By Max Clarke
As the service sector remained in the doldrums and the economic stagnation persisted, one sector of the embattled UK economy remained strong.
Emerging from the recession as a shining light in the enveloping economic darkness, the UK’s manufacturing sector continued to grow, buoyed in part by the crash in the value of sterling. After a deep recession, followed by economic stagnation, the UK’s manufacturing sector had remained the world’s 6th largest in terms of value.
Coalition politicians leapt on this, launching a £50 million Growth Review Framework for Advanced Manufacturing in December in a bid to hasten a manufacturing recovery, before Nick Clegg, Vince Cable and Mark Prisk launched the Advanced Manufacturing Summit early in the new year in an attempt to further nurture the important sector.
Said Business Minister mark Prisk: “The review into Advanced Manufacturing will see the Government align with industry in our shared ambition to put manufacturing industries on a more solid footing than in the past decade.”
As the Government progressively implemented their deficit reduction policy, job losses and service sector uncertainty, matched by inflation and soaring commodity and energy prices, saw consumer spending power drop. High streets suffered and any prospects of a retail-led recovery faded, again placing all hopes in a recovery on the manufacturing sector.
But by April, the pace of manufacturing began to lull. Rising commodities forced manufacturers to pass on the prices on to wholesalers and factory gate inflation crept up, negating the boon from the competitive sterling.
“Production costs have jumped markedly during the last three months, rocketing ahead after a full year of already rapid cost inflation. This is unsurprising given the recent surge in oil and other commodity prices,” commented the CBI’s John Cridland.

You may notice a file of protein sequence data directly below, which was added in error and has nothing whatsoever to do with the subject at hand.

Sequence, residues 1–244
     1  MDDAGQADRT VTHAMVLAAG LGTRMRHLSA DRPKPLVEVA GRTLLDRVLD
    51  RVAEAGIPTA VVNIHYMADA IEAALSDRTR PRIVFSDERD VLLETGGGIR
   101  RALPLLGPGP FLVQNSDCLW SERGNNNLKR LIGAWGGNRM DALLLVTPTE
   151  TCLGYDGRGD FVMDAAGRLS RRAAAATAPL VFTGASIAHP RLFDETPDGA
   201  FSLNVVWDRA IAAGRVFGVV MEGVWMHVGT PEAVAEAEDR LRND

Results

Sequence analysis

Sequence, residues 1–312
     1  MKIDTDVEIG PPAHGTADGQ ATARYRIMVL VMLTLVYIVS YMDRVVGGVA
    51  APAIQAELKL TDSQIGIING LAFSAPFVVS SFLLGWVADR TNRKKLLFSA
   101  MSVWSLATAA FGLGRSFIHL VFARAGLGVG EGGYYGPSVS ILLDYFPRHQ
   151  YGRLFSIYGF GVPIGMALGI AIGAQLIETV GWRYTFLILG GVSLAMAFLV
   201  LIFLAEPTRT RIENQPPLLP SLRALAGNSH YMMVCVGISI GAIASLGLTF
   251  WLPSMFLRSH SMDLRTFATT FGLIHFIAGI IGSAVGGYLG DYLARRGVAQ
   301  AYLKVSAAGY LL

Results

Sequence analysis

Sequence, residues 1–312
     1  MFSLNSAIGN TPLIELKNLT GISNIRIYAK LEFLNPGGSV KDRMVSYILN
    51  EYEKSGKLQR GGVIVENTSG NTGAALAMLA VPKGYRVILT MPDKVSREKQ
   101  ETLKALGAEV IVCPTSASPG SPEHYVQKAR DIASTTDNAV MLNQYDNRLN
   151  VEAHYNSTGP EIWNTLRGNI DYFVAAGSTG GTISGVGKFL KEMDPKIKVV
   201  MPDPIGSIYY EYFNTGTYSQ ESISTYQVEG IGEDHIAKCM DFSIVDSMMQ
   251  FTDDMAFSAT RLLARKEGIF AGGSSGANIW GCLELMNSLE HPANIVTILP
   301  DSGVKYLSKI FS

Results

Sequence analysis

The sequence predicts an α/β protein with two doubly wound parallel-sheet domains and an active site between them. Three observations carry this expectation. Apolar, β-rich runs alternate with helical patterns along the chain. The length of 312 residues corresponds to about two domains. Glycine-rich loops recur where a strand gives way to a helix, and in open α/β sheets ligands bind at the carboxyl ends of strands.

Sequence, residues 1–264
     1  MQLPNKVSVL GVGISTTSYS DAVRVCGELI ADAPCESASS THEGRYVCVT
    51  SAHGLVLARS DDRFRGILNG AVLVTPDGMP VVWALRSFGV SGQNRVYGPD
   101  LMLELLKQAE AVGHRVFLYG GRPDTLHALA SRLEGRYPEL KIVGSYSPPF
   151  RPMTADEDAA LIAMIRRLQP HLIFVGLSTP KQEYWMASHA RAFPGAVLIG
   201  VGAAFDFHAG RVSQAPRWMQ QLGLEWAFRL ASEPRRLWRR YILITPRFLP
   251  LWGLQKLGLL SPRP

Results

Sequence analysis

Other cracks in the UK’s vital manufacturing sector began to emerge, after a survey of school children revealed that the majority considered the sector ‘boring’, prompting concerns of a worsening skills shortage.
A series of high profile industry closures and downsizings have also raised concern about the long term health of the sector, including 1400 redundancies at defence giant, BAE Systems; 2400 high skilled R&D job losses at Pfizer’s UK site and, most recently, up to 1500 jobs at Bombardier’s Derby plant.
Adding to this increasingly alarming picture came figures from the ONS that revealed that the manufacturing sector was responsible for 39% of job losses in the Midlands, resulting in a fierce backlash from trades unions who blasted the Government, blaming the losses on the cuts agenda:
“The UK needs a proper strategy for manufacturing with interventionist policies from the government rather than just hoping things will get better,” said Unite union’s manufacturing secretary, Tony Burke. “There is no plan A or plan B for manufacturing.“
Most recently, figures published by the Office for National Statistics showed a sharp decline in April, followed by modest gains in May. Unions again saw the weakened performance as vindication of their anti-cuts agenda, though business organisations remained more balanced.
“While the recovery is modest,“ said the BCC’s David Kern, “the manufacturing output figures show there is no need for the government to abandon its current fiscal plans. However, the economic situation remains uncertain and everything must be done to ensure that there are no setbacks in the months ahead. The government must be more forceful in implementing growth-enhancing policies and in deregulating the labour market. On its part, the MPC must postpone interest rate increases at least until the final three months of the year."
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